EXERCISE AND SPORT SCIENCE
by Sharyn Kopf
January 1, 2009
Welcome to 2009! A time for new beginnings and new resolutions. And after the cakes, cookies and candy canes that coat the holiday season, it makes sense that many of our resolutions center on health — lose weight, get in shape, and take better care of our physical well-being.
But some individuals think about fitness year-round, so much so they decide to make a career out of it. They have a passion for seeing people in good health. Those so inclined are just the kind of students who would benefit from pursuing a degree from Cedarville University’s Department of Exercise and Sport Science.
“We really have something for everybody,” says Dr. Evan Hellwig, interim chair of the department, “specifically people attracted to or interested in working with the human body — such as how it works or how to make it perform better.”
The wide gamut of programs offered cover everything from athletic training and sport management to physical education and exercise science.
Last spring, the department absorbed the athletic training (AT) major. But don’t let the name fool you. This is not about training athletes and should not be confused with personal trainers. It is a recognized allied health profession, focusing on the “prevention, diagnosis, and intervention of emergency, acute and chronic medical conditions involving impairment, functional limitations, and disabilities.”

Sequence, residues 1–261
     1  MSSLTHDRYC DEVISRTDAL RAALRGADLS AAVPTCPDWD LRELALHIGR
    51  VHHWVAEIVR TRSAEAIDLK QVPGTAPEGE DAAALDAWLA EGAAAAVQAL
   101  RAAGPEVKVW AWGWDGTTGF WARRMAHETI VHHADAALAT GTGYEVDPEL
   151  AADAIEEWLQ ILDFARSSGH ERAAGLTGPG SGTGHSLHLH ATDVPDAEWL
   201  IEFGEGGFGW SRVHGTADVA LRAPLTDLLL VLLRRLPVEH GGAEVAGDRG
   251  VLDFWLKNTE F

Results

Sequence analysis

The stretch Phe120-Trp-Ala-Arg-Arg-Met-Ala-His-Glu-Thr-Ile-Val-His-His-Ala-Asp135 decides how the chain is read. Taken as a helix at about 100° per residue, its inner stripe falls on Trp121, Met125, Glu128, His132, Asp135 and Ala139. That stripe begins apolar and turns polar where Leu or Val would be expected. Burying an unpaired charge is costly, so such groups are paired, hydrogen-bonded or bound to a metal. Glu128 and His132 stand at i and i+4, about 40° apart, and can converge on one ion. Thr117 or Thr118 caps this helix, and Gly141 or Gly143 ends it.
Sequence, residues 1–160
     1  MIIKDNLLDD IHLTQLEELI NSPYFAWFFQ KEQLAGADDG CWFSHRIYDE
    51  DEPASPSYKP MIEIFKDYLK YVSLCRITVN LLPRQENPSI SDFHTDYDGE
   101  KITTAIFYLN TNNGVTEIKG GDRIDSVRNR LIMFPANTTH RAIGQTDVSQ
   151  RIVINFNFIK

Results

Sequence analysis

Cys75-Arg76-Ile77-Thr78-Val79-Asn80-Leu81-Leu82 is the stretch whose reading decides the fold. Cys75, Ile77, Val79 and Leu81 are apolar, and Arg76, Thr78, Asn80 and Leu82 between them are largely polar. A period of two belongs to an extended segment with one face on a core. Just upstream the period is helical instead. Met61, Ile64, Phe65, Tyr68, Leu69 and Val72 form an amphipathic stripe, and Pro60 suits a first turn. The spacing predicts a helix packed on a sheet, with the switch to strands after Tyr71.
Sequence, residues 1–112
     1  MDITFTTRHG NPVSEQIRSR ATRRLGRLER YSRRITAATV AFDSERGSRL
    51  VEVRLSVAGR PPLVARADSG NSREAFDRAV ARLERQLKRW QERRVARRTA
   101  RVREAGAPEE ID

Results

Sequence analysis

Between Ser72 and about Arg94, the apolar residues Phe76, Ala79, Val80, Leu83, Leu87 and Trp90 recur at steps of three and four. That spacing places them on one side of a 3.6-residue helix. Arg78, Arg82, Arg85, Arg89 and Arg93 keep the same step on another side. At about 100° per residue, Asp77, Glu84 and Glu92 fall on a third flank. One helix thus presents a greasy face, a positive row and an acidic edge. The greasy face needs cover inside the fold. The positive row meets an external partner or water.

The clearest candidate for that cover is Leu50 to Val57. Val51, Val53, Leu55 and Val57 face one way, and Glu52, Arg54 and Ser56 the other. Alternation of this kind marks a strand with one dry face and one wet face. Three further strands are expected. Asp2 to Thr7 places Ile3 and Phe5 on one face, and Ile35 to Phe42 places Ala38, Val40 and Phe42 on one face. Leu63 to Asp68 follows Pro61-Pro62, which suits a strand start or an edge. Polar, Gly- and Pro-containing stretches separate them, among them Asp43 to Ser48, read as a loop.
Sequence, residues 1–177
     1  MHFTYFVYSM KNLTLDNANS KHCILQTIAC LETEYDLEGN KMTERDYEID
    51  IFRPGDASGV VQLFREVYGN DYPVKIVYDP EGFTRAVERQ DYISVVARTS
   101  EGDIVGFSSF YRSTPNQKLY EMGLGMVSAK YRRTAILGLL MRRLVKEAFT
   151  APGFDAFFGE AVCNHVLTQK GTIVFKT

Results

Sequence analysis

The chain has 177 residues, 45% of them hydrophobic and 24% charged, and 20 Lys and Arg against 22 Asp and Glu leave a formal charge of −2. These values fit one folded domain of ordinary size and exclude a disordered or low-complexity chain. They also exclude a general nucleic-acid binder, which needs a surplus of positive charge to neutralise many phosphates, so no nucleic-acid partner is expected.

“In a nutshell, we’re ‘sports medicinists,’” Hellwig says. “The problem is there’s no such thing as a sports medicinist. What you’ll find are orthopedic surgeons, physical therapists — and certified athletic trainers.”
Cedarville’s athletic training program has a unique place in the profession. Though there are approximately 350 accredited programs in the U.S., very few approach the discipline from a biblical perspective. And that’s an important distinction for Cedarville students. “As a Christian, I have more than just bodily answers,” says Hannah Haynes ’08, an AT graduate. “I can give answers that provide eternal hope.”
Of the 102 institutions in the Council for Christian Colleges and Universities, only about 25 have an accredited athletic training major. The University also stands out in that it has five full-time ATs on its faculty. According to Hellwig, for a school without football, hockey, wrestling, or lacrosse programs, that fact alone is remarkable. Add to that state-of-the-art facilities and equipment, and Cedarville offers a truly strong and unique major.
Athletic training opened the door to other allied health professions, so the department now offers a major in allied health as well. This presents students with an option they have long desired: the ability to pursue a career in areas like physical or occupational therapy without having to major in biology. It is also ideal for anyone interested in other allied health careers such as physician’s assistant, optometrist, dentist or chiropractor.
“In the past,” says Hellwig, “Cedarville has prepared students with a biology major, but that requires a lot of things you don’t need to get into an allied health field.” It also doesn’t include classes they do need, such as psychology. So the department took the requirements of allied health professions and then added classes in psychology, biology, and exercise and sport science, making it a multi-disciplinary major. But while this is far from an easy program, Hellwig emphasized that it is not designed to prepare students for medical school.